Theory is great… in theory. But in real life, it’s a whole different ball game. DJ, sorry for taking a while before actually giving you some food for thought on your question. I urge you to do some further digging and perhaps share with us what you’ve come up with – I would be happy to post your answer and discuss it some more for everyone else’s benefit too. Who knows, you might even change how I plan to manage my future child’s RESP! :)

Preet Banerjee
Preet Banerjee an independent consultant to the financial services industry and a personal finance commentator. You can learn more about Preet at his personal website and you can click here to follow him on Twitter.
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Showing 13 comments
  • Ken Hawkins

    In theory the asset allocation of fixed income and equities in a RESP should change as the date at which the funds start being withdrawn approaches. The closer one gets to using the funds the greater the portion in fixed inccome and the more conservative a portfolio become. Because of this, target date funds whcih are used for retirement are quite appropriate for RESPs as well.

  • Michael James

    Thanks for the mention. The older I get, the more I realize how we are all driven by our emotions. From a purely logical point of view, there probably is a “best” answer to the question of how to invest RESP funds, but it doesn’t matter much if it causes the investor to lose sleep at night, or worse to sell in a panic at the wrong time. I’m an advocate of using reason to overcome emotional reactions to the extent possible, but not many people seem willing and able to do this.

    I’d be more inclined to agree with Ken Hawkins’ comment about target date funds if I was aware of even a single target date fund that didn’t charge outrageously high fees.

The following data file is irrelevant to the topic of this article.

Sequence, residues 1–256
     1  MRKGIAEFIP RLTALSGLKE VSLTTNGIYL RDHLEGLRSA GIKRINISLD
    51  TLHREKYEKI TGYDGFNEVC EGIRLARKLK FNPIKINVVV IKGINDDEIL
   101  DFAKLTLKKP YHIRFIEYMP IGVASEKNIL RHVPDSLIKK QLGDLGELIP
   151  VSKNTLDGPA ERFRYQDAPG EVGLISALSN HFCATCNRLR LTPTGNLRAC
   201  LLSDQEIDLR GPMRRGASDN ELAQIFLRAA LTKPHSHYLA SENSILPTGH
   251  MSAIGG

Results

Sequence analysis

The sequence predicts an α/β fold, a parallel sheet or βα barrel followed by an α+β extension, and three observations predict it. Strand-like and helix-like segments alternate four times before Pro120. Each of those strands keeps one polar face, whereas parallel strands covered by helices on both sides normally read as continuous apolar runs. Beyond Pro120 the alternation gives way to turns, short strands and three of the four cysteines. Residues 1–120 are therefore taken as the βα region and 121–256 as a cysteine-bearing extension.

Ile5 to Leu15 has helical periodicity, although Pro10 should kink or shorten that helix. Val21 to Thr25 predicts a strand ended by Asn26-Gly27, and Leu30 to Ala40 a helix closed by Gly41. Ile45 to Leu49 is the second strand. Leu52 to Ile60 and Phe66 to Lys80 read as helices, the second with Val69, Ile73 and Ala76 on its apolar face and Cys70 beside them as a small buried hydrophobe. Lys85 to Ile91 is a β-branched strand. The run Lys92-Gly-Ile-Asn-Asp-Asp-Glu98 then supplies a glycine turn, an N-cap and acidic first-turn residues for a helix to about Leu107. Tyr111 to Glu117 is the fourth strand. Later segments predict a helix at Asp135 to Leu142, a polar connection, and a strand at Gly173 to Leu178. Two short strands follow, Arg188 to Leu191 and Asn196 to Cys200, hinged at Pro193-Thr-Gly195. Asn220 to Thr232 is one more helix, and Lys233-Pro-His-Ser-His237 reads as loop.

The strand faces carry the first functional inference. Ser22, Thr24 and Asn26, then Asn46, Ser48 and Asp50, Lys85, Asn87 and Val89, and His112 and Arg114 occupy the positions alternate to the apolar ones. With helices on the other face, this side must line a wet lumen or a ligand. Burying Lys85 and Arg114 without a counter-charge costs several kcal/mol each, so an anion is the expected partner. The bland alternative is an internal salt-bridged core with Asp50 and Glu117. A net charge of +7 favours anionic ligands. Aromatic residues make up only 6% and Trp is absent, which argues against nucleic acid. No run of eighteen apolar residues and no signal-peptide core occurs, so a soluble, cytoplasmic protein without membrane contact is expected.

• Patrick

    What difference does it make whether you rebalance using existing funds or new contributions? I see no need to keep contributing to equities if you’re simultaneously shifting some of those equities into fixed-income. Just apply enough of your new contributions to fixed-income to keep the asset balance you want, and when you can’t do that anymore, then you can start moving the existing funds to make up the difference.

  • Traciatim

    What I use in the RESP for my son is to have it 100% in equities up until age 10, and then will be balancing from age 10 – 17 to reduce the exposure and have nearly all fixed income by the time he is 17. It’s as good a plan as any, and he will have more for education from me than I did from my parents (None, other than housing, which is HUGE anyway).

    For my daughter a couple of years earlier when I was young and naive I trusted a CST rep to set my daughter up with their group RESP. Please for the love of anyone in your life avoid group RESPs like the plague. It’s the worst decision I ever made financially.

  • Canadian Capitalist

    Thanks for the mention Preet. I’d agree with Ken that the key question is this: how many years does DJ’s child have until University? If there is five years or less, I’d go very light on equities. My kids are three and a good case can be made that their entire fund should be in equities but boy am I glad that I kept some in bonds and rebalanced when the market turned down.

  • Preet

    @ Ken Hawkins & Michael James – I agree, the extra costs of target date wraps make them a poor choice for anyone who can manage their own money. For those who cannot, they may be of appeal to those willing to pay for some peace of mind when it comes to rules of thumbs.

    @ Patrick – you are quite right. The transactional costs would be higher with what I proposed, and lower with yours if managing your own money. If using mutual funds from the same provider, switching fees would be zero, and it would be less cumbersome from a paperwork point of view (just keep the PAC running and make a switch once a year).

    @ Traciatim – thanks for the note about those group plans, totally agree. If you ever want to write a guest post on your experience, please submit at your convenience, happy to post it.

  • stock tips

    i like your idea.Thanks for the mention Preet. I’d agree with Ken that the key question is this: how many years does DJ’s child have until University?

  • seo_tweeters

    I would say even more than 20%, about 50% in such situation in my opinion but I may be wrong of course.

  • rachel

    20% if the child is young, increase the portion as one approach 18